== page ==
China has lodged a solemn complaint with the U.S. over a U.S. surveillance aircraft that flew over China's Nansha Islands in the South China Sea, with Chinese foreign ministry spokeswoman Hua Chunying saying that the close reconnaissance is highly likely to cause miscalculation and untoward incidents in the waters and airspace on Monday.
A U.S. P-8A surveillance aircraft flew over islets under construction in the Nansha Islands on May 20 and the Chinese navy repeatedly asked the aircraft to leave via radio.
US Assistant Secretary of State Daniel Russel told reporters that the U.S. flight was "entirely appropriate" and that U.S. forces and military aircraft would "continue to fully exercise" their right to operate in international waters and airspace.
Hua said that there have never been any problems concerning the freedom of navigation and over-flight in the South China Sea. "Nor will there be any in the future," she stressed.
She said that China has been safeguarding the freedom of navigation and over-flight, however, this freedom is not tantamount to the violation of international law by foreign military vessels and aircraft in defiance of the legitimate rights and interests - as well as the safety of over-flight and navigation -of other countries.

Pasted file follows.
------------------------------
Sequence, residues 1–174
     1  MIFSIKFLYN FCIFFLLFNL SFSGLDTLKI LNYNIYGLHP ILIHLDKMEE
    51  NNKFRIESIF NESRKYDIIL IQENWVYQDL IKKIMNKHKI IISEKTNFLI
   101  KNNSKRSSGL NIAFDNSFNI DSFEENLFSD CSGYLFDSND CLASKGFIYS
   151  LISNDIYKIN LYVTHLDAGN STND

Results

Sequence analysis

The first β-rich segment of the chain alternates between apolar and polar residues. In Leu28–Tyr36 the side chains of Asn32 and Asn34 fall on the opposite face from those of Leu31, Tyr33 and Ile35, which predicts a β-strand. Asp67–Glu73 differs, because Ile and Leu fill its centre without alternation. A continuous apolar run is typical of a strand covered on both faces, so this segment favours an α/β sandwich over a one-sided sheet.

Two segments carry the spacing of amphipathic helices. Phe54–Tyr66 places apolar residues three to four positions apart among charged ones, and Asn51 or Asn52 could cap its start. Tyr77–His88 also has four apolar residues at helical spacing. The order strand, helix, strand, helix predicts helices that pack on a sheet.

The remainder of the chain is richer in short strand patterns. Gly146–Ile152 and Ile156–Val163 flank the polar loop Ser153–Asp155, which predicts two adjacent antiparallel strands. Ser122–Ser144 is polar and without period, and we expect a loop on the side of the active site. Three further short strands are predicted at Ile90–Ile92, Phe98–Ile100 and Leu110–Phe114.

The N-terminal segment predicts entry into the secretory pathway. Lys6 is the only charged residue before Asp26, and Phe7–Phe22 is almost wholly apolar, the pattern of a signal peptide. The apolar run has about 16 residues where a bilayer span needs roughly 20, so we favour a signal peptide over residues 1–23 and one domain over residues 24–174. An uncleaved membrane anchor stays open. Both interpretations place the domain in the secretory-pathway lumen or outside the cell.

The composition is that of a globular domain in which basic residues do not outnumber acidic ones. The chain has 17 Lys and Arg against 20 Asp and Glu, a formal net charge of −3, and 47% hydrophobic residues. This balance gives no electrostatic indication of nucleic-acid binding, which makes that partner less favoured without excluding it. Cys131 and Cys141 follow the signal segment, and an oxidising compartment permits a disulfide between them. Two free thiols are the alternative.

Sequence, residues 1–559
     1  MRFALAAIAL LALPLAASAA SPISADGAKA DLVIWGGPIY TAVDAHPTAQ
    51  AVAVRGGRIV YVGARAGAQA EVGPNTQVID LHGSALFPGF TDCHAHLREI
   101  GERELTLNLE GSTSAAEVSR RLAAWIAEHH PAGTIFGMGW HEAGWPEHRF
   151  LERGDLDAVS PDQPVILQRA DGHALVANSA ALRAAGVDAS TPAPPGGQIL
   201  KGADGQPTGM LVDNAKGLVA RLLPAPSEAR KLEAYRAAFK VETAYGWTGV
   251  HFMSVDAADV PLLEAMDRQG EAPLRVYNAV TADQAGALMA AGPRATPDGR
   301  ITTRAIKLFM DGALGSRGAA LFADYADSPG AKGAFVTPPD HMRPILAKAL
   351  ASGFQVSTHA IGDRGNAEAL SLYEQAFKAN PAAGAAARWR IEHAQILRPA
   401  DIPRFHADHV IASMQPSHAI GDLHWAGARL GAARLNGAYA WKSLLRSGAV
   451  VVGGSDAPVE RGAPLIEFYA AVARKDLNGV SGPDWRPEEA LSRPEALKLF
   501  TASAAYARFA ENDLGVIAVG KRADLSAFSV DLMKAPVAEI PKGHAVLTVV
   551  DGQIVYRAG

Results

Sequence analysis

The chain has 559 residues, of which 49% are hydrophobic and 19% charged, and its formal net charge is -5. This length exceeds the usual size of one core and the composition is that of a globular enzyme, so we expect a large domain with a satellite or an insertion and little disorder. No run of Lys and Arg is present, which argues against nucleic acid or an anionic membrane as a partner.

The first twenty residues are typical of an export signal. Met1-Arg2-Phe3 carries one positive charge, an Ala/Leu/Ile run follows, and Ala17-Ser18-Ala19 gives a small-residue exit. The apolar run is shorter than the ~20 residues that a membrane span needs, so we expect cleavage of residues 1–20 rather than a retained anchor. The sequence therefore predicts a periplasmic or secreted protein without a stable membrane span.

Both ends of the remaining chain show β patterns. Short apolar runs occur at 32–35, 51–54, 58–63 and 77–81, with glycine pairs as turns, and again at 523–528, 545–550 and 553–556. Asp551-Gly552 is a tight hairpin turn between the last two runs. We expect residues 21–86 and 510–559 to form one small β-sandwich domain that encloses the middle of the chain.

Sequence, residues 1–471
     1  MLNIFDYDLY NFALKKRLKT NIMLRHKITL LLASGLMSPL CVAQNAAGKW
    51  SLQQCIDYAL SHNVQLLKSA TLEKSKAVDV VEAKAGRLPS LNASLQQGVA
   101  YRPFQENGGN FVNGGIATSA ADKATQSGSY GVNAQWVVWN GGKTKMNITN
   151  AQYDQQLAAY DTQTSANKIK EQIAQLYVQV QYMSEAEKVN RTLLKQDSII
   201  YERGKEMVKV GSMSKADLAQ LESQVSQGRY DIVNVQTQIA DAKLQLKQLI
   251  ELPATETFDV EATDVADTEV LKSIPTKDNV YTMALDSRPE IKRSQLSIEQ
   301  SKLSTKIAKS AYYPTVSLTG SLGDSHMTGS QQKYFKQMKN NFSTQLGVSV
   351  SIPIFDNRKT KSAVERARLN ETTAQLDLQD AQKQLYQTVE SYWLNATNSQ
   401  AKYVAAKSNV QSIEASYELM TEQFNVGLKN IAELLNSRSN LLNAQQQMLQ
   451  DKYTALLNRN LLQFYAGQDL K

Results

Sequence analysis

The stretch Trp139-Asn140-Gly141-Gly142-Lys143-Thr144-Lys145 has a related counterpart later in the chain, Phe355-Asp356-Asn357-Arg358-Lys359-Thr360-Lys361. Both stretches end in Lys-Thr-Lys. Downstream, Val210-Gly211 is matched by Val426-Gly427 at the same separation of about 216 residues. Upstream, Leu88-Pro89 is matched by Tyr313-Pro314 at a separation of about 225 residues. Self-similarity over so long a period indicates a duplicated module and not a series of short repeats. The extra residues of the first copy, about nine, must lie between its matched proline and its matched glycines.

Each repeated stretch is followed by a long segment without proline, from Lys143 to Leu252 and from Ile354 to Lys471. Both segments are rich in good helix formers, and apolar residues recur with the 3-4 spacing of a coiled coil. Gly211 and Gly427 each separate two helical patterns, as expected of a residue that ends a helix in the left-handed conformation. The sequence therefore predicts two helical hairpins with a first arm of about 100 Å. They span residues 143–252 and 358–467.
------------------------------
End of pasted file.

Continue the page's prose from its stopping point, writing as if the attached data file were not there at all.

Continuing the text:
China's determination to safeguard sovereignty and territorial integrity is "as firm as a rock" and China urges the US to correct its errors, stay rational and cease irresponsible comments and deeds, Hua said.
Despite China's firm stance, Philippine President Benigno Aquino said on Monday that Philippine aircraft will keep flying over disputed areas in the South China Sea.
Zhu Feng, director of the Collaborative Innovation Center of South China Sea Studies at Nanjing University, said that the US has been stepping up its activities in the South China Sea region and introduced new uncertainties to the regional security order.
He said that the U.S. and the Philippines have been working together because the Philippine's complaints will provide "more legitimate" reasons for the U.S. to interfere in South China Sea issues.
Manila has strengthened its alliance with Washington since 2011, but the risks of over-relying on another country has worried some Filipino politicians as they are concerned that the country may be sacrificed if China and the U.S. conciliate on the South China Sea issue, said Zhu.